Anselm develops his argument further by claiming that because such a thing exists, that thing cannot be thought of as not existing. Moreover, an interesting point is made by Anselm when he says, “It is possible indeed to think of anything other than you as nonexistent.” In other words, Anselm is trying to say that all other things can be thought of as not existing, but God has a perfect existence in which it is impossible to claim nonexistent because then it would be paradoxical. The measure of Gods existence supersedes all others because nothing greater can be conceived.
Anselm once again discusses the fool who says in his heart that there is no God. Reason being, he wants to illustrate the connection between “to say in ones heart” and to think. The fool said in his heart that God did not exist, yet the same fool conceived a being greater than any other. Therefore, to say in ones heart is equal to thinking because to say in ones heart, one must first think. This also holds true for the reversal, if he does
not think, than he does not say it in his heart. Thinking is initiated in two senses according to Anselm. In the first sense, thinking is signaled by a word that describes the thing. In the second sense, thinking is created when one thinks of the actual thing itself. Thus, from the perspective of the first sense it can be true that God does not exist. From the second sense, the denial of the existence of God is impossible because the thing itself has been thought or conceived.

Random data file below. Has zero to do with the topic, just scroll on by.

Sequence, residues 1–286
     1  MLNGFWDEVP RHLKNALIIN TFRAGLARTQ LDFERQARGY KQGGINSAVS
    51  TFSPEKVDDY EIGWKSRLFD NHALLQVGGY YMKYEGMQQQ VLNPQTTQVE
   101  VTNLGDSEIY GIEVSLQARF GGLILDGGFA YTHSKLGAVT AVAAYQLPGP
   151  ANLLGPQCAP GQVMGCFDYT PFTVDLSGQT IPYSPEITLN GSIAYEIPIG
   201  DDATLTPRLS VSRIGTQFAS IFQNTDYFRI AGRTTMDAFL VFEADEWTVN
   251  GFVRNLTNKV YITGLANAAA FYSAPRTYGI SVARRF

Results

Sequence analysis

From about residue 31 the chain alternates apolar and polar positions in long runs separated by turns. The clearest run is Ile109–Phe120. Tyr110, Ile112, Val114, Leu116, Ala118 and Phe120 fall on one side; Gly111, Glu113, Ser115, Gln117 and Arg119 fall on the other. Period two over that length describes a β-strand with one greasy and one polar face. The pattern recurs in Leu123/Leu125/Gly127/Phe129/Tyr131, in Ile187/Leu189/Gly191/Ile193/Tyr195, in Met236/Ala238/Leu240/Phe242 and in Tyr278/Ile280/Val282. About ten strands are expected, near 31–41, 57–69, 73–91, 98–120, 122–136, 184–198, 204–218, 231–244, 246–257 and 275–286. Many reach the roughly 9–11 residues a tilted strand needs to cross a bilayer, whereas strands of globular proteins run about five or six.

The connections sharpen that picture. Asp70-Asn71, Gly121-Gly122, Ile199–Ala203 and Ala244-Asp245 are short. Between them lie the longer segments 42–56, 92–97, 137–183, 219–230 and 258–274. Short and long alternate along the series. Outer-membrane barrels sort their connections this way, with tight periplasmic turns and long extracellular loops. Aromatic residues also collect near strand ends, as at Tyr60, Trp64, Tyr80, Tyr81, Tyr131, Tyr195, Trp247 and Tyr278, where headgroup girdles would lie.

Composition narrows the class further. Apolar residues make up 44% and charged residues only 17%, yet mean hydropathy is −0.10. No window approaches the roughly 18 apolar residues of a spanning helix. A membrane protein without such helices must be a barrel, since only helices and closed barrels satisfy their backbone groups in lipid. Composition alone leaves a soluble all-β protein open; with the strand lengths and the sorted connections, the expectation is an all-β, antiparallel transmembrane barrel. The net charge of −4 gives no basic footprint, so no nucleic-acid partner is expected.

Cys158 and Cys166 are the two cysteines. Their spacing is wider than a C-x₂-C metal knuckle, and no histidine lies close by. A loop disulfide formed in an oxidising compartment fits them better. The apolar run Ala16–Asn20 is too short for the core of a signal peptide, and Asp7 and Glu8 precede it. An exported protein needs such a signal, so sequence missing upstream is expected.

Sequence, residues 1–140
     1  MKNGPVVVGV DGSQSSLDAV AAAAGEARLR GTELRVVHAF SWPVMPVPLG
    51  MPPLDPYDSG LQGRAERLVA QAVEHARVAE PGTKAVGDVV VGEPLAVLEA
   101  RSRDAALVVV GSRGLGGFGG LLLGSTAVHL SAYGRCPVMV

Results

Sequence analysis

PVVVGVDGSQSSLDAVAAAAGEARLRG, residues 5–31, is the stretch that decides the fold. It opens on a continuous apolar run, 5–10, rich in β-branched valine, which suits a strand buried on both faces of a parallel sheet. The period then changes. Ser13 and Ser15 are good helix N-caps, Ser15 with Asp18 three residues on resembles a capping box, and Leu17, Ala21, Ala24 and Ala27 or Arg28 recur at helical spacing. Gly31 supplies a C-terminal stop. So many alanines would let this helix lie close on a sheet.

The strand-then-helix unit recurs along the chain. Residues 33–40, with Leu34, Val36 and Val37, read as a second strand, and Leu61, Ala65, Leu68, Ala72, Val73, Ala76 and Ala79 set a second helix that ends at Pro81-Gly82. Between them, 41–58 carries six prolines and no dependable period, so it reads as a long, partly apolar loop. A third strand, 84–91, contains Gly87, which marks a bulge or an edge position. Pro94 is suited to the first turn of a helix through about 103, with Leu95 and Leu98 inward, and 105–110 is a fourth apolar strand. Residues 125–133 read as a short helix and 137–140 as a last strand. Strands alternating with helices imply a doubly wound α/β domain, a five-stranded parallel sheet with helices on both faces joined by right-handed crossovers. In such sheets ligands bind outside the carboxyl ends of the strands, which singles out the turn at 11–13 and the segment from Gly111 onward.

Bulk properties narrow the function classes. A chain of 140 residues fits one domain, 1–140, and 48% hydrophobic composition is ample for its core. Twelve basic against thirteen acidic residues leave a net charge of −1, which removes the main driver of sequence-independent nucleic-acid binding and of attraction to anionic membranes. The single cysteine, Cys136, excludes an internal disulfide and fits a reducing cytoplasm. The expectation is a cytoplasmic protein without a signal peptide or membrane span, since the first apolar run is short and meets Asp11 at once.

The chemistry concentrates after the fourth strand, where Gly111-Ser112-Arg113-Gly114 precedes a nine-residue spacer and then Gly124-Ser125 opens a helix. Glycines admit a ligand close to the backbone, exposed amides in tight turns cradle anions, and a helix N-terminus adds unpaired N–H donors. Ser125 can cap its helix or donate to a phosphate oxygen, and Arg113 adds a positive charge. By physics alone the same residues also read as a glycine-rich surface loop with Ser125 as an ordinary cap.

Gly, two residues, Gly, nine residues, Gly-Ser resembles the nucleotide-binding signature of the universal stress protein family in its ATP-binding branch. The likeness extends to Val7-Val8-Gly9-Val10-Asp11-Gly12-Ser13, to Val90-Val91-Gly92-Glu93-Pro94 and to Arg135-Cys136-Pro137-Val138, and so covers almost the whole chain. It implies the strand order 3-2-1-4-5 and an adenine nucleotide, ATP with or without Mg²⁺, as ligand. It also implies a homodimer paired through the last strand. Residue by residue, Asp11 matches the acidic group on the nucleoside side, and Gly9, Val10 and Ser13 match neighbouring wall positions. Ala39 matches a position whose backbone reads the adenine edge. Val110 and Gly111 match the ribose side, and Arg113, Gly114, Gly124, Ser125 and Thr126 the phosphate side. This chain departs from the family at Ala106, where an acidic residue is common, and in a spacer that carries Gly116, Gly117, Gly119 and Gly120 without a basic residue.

Since Descartes’ “Fifth Mediation” was written many years after Anselm’s “Ontological Argument” it becomes apparent, at least in one sense that Descartes refers indirectly to arguments established in Anselm’s “Ontological Argument.” This relationship or connection can be seen in both arguments as the idea of God’s “perfect existence.” Descartes however, in my opinion delves into the concept of perfect existence candidly. Whereas Anselm, attributes this perfect existence in his statement “we believe you to be something greater than which nothing grater can be conceived.” Regardless of the methods used they both attribute perfection to this supreme, eternal Being.
Additionally, Descartes argument regarding the existence of God is not presupposed by faith like Anselm’s. Rather, Descartes begins his argument in a different manner then Anselm, speaking nothing about prior faith in God’s existence. He begins the “Fifth Meditation” by explaining how he has the ability to conceive in his mind a vast array of different shapes and dimensions. Even if these figments which he has created within his mind do not actual exist outside of his mind, they still contain immutable and